Most families have had real struggles with the self-isolation we’ve been urged to maintain during this pandemic. Instagram and Facebook are filled with jokes about going nuts from being around each other, and many feel their patience has been tried to the limit. Kids are quarreling, tempers are flaring, doors are slamming.
Gee, if only the Church leaders could have given us some tips to help us through this difficult time. Oh, wait. They did. What a wonderful, singular blessing we have in the restored gospel of Jesus Christ, that our prophets and apostles do indeed foresee coming challenges and give us the tools we need to make wise choices in upcoming times.
Let’s look at some of the parenting advice we were given in the 2019 April Conference. Let’s say you wish there could be one line, one mantra, that could help your children be more obedient.
President Henry B. Eyring said, “Children should invite Christ into their hearts. That is the key to family success.” Bingo. He went on to say, “Don’t just correct symptoms.” That line is filled with wisdom. When all we do is issue directives, and then punish kids who miss the mark, we are missing the mark. How much easier would it be, and how much more peace would our homes have, if we instilled a love of Christ in our children first? Then this would guide and direct their behavior far better than fear of parental punishment.
He also urged us to pray for one another in our families. When children pray for their siblings, hearts soften on both sides.
In the Priesthood session, President Russel M. Nelson spoke about daily repentance. What a great lesson for us all—we make mistakes, but God is merciful and will help us repent and begin anew to “be a little better every day.” This isn’t just for kids to learn, but for parents who struggle not to yell, and to stay in control of their emotions.
Let’s say you wish your kids, now cooped up inside, spent less time watching TV or playing videogames. Elder Quentin L. Cook told us to limit media in the home, “make it a servant, not a distraction or worse, a master.” What a great concept to discuss with the family. Even youngsters can understand the servant/master example.
What if you wish there were some way to get your kids to remember that you’re an eternal family? This would increase joy, service, and courtesy. But how can we give them a daily reminder? President Nelson spoke of exaltation being a family matter. He pointed out that the Celestial Kingdom is the only place where we can be with our families. And here’s the line that could become a magnet on your fridge. He asked, “Why settle for second best?”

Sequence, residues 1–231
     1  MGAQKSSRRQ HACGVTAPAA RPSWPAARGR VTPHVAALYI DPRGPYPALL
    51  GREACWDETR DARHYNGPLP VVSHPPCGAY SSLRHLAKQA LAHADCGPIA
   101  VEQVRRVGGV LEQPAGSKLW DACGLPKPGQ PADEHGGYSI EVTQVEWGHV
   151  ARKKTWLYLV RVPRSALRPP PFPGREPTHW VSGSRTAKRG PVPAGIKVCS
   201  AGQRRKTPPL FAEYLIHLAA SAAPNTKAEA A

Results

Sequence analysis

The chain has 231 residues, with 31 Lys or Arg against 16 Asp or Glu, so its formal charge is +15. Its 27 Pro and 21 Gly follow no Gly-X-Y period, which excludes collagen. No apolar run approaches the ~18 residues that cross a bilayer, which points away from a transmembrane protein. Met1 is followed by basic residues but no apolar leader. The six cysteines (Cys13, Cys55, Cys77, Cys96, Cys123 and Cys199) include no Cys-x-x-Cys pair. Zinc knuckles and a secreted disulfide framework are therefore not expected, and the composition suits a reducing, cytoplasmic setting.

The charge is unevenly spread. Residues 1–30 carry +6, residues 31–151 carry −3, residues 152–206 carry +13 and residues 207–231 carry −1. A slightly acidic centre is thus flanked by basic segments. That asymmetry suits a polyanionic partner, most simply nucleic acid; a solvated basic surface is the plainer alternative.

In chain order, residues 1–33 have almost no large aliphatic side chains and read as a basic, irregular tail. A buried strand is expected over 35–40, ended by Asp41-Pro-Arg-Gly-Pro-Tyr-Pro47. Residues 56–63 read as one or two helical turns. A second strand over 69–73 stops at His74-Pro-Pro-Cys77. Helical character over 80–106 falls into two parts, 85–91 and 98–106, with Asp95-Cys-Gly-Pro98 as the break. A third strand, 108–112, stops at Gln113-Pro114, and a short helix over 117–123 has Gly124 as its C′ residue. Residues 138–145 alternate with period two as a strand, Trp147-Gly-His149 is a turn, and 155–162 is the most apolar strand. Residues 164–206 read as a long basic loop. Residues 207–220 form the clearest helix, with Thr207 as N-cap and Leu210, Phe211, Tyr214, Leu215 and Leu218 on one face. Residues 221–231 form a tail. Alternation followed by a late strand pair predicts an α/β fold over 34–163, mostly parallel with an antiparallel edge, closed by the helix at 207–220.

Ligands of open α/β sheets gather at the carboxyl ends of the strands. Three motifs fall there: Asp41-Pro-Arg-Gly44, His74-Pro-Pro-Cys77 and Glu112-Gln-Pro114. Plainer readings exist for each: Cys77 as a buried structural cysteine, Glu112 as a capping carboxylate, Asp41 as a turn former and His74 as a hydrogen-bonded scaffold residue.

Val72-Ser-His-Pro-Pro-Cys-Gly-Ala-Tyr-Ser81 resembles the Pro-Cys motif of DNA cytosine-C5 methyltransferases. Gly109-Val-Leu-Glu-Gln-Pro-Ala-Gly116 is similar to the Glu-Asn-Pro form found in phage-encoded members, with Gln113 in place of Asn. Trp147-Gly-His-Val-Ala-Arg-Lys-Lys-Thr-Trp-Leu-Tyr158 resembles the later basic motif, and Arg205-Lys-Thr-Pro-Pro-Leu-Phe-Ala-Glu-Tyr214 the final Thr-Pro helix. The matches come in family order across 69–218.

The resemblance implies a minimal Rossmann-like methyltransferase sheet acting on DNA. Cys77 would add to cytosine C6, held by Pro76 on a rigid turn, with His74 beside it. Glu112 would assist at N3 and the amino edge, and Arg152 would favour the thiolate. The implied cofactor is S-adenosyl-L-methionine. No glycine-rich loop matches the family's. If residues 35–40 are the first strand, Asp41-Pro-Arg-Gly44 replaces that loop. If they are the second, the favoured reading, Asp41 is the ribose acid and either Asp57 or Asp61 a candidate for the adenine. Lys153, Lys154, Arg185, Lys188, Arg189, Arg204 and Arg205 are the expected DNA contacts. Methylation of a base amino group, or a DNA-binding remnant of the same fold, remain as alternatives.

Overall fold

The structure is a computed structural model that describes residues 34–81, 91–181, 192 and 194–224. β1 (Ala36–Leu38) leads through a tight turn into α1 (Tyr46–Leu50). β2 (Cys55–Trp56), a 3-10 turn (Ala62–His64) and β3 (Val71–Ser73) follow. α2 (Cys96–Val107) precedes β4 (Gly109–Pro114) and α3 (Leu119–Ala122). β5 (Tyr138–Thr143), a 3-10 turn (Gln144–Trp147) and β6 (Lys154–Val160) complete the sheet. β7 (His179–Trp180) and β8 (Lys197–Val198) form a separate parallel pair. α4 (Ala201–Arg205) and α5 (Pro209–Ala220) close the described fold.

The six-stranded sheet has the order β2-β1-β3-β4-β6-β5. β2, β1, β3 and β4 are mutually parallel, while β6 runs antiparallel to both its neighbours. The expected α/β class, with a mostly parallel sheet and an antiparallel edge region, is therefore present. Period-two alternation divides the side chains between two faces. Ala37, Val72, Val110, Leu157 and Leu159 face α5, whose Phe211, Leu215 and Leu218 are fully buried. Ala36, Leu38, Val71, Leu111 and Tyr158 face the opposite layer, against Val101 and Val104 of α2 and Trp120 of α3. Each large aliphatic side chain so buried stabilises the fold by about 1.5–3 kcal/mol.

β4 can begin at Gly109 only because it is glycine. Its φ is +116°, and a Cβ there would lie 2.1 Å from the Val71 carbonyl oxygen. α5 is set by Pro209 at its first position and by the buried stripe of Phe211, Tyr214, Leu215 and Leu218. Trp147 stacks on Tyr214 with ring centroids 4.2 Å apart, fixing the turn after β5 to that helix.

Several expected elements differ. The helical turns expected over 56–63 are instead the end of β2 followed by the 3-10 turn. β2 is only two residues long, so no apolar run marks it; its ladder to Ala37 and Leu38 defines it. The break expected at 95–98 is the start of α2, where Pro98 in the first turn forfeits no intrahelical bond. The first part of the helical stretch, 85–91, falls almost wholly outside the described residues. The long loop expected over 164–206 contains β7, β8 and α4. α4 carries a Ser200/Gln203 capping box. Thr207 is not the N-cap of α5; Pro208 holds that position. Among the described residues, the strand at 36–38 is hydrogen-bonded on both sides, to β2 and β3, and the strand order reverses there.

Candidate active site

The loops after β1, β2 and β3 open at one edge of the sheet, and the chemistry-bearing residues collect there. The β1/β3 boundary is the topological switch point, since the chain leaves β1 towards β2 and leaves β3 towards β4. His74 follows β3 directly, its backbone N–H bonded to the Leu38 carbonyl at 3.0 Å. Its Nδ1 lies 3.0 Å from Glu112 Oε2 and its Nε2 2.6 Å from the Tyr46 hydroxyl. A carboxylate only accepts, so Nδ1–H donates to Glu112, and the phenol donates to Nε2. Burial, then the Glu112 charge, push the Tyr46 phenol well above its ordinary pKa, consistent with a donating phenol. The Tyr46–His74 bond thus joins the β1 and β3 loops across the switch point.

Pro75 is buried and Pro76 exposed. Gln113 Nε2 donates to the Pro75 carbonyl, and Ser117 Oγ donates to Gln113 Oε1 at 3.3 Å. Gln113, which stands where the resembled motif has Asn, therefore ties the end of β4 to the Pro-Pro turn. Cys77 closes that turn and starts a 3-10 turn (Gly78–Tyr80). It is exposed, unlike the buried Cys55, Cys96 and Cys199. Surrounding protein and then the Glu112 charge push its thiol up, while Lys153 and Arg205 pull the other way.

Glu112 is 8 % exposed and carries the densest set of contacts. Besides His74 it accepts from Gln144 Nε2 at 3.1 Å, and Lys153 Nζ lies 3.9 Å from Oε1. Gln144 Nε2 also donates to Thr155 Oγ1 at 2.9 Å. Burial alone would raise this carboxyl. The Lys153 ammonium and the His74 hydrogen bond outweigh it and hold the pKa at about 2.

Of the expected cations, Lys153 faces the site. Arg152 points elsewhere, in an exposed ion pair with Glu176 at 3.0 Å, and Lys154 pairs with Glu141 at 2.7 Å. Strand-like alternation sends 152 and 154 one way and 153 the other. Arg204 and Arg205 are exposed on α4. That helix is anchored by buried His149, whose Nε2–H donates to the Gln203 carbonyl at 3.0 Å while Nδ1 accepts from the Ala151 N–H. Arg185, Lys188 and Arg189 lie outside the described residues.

Elder David A. Bednar spoke about the very thing we’re doing: Teaching the gospel in our homes. At that time there was no pandemic and church meetings were rolling along. But his talk gave us a perfect template for today. Among other things, he reminded us to take personal responsibility for teaching truths in our homes. “Learning, living, becoming—should be taught at home.” He even said that the ultimate MTC is in our homes, the same as Sunday School classes, Family History, and Temple Prep. And this was more than a year ago!
Elder Ronald A. Rasband said, “Christ-centered homes are fortresses against the evils of the world.” Then President Nelson added that, despite contention in the world, “Our homes can be where study, prayer, and faith can merge with love.”
Truly, our leaders were inspired to direct us, and even give us time to implement their concepts so we’d be ready for this unusual circumstance. By studying General Conference talks—all available online—we’ll find the answers we seek. Nuggets of wisdom will seem to leap off the page, addressing the very concerns of our hearts.
Go back over the Conference talks of October 2019 and April 2020 as well. Search for specific messages that respond to your own family’s situation. You’ll be surprised at how specific the guidance can be, the peace and love it can restore to your home, and the revelation you can receive from the Holy Ghost telling you these things are true.
So often we hear people grumble that parenting doesn’t come with a manual. But it does. Several manuals. The Book of Mormon begins with the story of a dysfunctional family. Conference talks and Church magazine articles often focus upon parenting. There’s actually a wealth of information about this monumental task. Heavenly Father would never have let us embark upon such an important job without any direction. We just have to know where to find it. Let’s take advantage of the great blessing we have, of hearing the words of living Prophets, Seers, and Revelators.
Hilton’s books, humor blog, and Youtube Mom videos can be found on her website. She currently serves as an Inter-Faith Specialist for Church Communications.